How to Care for and Preserve Your Collectibles, Heirlooms, and Other Prized Possessions
by Don Williams, Senior Conservator Smithsonian Institution and Louisa Jagger
a book review
As Don Williams humorously writes in his introduction:
“Saving Stuff” is about preserving and maintaining “the museum of you”. This museum is made up of the objects that have special value for you. I can’t stop an earthquake, flood, or alien invasion, but I can share how to prevent most homegrown catastrophes as well as how to go about saving stuff: comic books, wedding dresses, baseball cards, furniture, stamps, papers, film, pictures, records, DVDs, CDs, doll houses, flags, and weird and wacky things like Cousin Cecil’s African water buffalo head or your private collection of sheep’s eyeballs kept by your grandfather in mayonnaise jars. In this book I will show you how to save almost anything you want.”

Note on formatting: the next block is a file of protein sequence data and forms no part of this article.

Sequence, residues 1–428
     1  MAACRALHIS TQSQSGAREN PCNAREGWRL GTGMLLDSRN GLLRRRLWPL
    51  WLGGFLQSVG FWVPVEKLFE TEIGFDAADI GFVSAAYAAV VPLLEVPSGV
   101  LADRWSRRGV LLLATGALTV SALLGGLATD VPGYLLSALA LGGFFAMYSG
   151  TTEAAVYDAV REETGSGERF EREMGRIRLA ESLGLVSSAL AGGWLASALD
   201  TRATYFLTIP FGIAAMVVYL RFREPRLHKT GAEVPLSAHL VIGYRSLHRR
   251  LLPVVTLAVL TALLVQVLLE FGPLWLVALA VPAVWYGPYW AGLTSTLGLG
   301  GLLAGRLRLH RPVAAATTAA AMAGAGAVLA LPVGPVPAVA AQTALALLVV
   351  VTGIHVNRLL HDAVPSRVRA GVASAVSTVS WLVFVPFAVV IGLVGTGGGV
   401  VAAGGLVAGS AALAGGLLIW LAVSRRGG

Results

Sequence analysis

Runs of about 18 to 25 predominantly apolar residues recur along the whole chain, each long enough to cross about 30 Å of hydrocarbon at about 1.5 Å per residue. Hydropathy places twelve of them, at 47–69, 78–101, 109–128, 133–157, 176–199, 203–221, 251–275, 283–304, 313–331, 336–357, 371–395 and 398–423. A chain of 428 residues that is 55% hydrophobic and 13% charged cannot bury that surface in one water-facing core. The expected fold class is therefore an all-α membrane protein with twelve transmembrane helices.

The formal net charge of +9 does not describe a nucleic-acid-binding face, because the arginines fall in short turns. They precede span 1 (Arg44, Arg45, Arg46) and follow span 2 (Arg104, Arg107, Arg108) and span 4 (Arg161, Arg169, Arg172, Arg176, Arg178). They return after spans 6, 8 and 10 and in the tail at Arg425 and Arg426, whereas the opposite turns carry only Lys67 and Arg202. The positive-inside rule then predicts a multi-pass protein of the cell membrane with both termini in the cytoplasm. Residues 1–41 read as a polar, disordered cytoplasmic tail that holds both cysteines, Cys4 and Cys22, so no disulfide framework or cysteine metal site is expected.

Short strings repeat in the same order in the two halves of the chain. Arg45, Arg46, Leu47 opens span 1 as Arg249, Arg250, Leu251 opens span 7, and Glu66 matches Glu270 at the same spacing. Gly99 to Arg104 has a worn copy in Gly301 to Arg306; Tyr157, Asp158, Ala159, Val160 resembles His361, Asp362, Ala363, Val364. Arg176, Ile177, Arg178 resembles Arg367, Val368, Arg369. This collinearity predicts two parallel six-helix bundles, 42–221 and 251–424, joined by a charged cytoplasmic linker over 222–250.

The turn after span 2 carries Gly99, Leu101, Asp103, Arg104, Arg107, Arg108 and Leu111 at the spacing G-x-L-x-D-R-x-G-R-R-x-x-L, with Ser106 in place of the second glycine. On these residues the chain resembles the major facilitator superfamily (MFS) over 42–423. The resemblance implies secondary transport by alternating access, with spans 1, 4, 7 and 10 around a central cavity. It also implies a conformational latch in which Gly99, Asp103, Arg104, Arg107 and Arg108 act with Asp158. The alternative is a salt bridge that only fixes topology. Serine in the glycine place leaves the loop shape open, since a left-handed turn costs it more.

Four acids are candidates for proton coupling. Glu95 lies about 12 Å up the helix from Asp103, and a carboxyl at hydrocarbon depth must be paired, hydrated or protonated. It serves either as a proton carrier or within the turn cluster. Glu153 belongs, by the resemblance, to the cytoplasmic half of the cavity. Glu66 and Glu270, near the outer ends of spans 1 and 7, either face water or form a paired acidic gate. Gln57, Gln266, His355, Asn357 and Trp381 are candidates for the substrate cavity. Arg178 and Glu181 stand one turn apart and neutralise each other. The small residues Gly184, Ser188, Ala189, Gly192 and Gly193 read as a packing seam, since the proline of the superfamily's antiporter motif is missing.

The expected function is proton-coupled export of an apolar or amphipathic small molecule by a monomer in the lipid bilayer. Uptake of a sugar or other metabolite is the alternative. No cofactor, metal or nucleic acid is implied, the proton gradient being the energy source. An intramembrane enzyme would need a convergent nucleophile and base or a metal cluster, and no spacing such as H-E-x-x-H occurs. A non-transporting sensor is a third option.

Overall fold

At the time of publication, the author was the Senior Conservator of the Smithsonian Institution. His years of experience in the conservation and preservation of objects, mark him as an expert in his field.
His writing collaborator, Louisa Jagger, is a “saver of stuff” and the stories she shares revolve around common mistakes she has made in caring for her own collectibles, mistakes she hopes she can help the reader avoid.
According to the author, this book is not meant to be read from cover to cover. It is important to read through Chapters 1 and 2. There the reader will find basic important information about how to care for objects in general.